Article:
New York’s Approach to Apportioning Defense Costs Among Multiple Insurers

By Burke Coleman | May 3, 2012

Insurers in New York have an “exceedingly broad” duty to defend their policyholders against any claim that is potentially covered by the policy. Regal Constr. Corp. v. Nat’l Union Fire Ins. Co. of Pittsburgh, Pa., 930 N.E.2d 259, 261 (N.Y. 2010).

But New York courts have yet to definitively answer the question of how defense costs are to be apportioned among insurers in situations where multiple insurers share responsibility.

The issue was most recently addressed in Travelers Casualty and Surety Co. v. Alfa Laval, Inc., No. 650667/2009 (N.Y. Sup. Ct. Nov. 28, 2011), in which the court found a primary insurer jointly and severally liable for the entire cost of defense. The decision is logically consistent with an insurer’s duty to provide a complete defense but strays from New York precedent.

In the case, Alfa Laval was faced with numerous asbestos-related claims and sought coverage under policies issued by various insurers, including Travelers. Prior to Travelers seeking a declaratory judgment, Alfa had sought payments for the cost of defense from a number of its insurers and Travelers had unilaterally made payments for only a portion of the defense. The primary issue facing the court was how to apportion the cost of defense.

Travelers argued that the standard approach to apportioning defense costs in cases of multiple insurers was the “allocation” (pro rata) method.Alfa countered that the broad scope of an insurer’s duty to defend required Travelers to provide a complete defense, which necessarily implicated the “joint and several” approach.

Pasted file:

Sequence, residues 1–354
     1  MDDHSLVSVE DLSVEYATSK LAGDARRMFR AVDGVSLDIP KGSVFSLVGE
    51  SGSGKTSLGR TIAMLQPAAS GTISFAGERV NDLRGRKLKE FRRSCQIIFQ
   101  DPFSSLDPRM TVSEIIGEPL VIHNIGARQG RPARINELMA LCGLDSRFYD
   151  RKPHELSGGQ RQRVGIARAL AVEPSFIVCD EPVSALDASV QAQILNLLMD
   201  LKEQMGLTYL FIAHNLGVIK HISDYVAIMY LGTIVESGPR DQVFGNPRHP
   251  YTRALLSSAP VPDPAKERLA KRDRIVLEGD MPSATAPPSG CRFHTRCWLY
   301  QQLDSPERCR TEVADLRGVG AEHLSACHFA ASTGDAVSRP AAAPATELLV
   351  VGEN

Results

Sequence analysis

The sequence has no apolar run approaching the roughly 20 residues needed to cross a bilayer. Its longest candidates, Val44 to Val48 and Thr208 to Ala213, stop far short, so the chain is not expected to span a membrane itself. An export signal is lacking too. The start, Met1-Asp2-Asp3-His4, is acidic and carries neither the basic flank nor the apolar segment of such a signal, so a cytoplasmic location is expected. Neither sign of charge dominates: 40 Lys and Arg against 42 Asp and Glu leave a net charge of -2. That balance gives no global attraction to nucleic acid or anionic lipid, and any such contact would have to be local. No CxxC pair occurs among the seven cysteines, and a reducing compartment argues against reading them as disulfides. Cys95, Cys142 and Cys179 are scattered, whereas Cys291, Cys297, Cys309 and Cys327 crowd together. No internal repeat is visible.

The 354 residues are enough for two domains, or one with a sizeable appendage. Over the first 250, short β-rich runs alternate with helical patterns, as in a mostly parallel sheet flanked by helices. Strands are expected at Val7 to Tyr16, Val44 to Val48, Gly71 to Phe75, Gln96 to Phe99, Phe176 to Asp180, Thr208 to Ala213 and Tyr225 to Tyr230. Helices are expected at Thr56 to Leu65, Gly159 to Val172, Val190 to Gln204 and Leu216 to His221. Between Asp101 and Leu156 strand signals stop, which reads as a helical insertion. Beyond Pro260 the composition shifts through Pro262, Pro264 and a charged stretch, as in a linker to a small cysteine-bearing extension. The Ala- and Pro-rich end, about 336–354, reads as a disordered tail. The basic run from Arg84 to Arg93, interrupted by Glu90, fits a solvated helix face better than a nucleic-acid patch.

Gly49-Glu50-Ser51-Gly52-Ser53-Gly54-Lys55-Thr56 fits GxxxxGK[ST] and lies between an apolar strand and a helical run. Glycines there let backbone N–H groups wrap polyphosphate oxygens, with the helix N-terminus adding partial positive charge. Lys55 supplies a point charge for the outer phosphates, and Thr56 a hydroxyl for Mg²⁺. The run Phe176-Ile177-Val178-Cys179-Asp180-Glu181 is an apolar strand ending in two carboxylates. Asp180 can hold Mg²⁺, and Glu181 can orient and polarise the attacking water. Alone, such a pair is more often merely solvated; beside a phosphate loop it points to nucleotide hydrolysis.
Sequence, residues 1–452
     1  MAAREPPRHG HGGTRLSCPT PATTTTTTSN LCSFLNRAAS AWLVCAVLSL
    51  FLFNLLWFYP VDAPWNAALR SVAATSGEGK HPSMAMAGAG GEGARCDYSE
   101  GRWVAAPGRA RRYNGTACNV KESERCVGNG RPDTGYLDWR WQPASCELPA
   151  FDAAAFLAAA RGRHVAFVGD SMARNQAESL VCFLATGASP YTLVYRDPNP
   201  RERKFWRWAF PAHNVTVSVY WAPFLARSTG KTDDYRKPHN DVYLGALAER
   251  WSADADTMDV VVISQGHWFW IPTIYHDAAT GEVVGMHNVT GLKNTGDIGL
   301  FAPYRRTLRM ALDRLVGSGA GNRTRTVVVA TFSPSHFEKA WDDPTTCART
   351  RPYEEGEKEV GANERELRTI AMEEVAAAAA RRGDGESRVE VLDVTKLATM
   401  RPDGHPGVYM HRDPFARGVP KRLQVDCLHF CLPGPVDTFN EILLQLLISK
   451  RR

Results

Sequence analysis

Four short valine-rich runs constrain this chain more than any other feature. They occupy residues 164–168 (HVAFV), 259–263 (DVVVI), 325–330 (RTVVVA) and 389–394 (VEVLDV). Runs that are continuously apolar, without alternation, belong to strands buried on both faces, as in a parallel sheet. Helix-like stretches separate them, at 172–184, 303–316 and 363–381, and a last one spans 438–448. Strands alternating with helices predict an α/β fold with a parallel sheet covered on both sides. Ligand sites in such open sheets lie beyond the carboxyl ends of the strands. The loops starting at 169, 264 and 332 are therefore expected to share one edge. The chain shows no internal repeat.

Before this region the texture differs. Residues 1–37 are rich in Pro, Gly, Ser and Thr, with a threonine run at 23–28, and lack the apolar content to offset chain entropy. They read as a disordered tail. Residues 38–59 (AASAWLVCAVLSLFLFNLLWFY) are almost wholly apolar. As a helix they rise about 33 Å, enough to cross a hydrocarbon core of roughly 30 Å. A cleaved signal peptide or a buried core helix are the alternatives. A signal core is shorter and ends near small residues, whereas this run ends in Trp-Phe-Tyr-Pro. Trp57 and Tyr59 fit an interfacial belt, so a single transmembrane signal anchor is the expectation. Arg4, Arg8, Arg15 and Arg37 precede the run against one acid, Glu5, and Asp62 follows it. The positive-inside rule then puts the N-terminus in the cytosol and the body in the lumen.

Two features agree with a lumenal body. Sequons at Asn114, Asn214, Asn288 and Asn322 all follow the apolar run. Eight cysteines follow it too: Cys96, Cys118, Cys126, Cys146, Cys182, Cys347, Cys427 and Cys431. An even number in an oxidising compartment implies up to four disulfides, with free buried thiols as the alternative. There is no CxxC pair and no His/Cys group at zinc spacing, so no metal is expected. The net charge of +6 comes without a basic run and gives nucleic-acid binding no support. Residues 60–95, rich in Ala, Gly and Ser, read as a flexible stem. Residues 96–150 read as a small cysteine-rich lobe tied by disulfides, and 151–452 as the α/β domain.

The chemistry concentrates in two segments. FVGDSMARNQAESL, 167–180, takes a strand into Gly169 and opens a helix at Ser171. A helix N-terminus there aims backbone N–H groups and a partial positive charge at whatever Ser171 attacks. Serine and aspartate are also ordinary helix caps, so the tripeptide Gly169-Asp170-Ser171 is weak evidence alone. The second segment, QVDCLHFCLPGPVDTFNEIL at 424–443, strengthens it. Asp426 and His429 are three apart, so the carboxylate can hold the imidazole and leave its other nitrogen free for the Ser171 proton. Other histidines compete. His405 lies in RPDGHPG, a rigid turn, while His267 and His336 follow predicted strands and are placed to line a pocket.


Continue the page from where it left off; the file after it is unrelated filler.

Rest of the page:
The court was sympathetic to Alfa’s position but ultimately failed to address the integrity of Alfa’s argument. Instead, the court determined that both the joint and several approach and the pro rata method were viable options, and that it was within the court’s discretion as to which should be used.

The court dismissed Travelers’ assertion that Alfa’s act of seeking payments from multiple insurers precluded subsequent application of the joint and several approach and found Travelers jointly and severally liable for the entire cost of defense. The opinion represents the newest development in a line of inconsistent decisions.

As it currently stands, a handful of approaches have been applied but no one standard has been adopted as the exclusive approach.

The traditional approach, consistent with Travelers’ position, is that pro rata allocation is the proper standard. See Atl. Mut. Ins. Co. v. Atl. Nat’l Ins. Co., 326 N.Y.S.2d (N.Y. Sup. Ct. 1971); see also Fed. Ins. Co. v. Atl. Nat’l Ins. Co., 250 N.E.2d 193 (N.Y. 1969); see also Nat’l Grange Mut. Ins. Co. v. Cont’l Cas. Ins. Co., 650 F.Supp. 1404 (S.D.N.Y. 1986). This view was recently reaffirmed in Fulton Boiler Works, Inc. v. American Motorists Insurance Co., No. 5:06-CV-1117, 2010 U.S. Dist. LEXIS 28756 (N.D.N.Y. Mar. 25, 2010).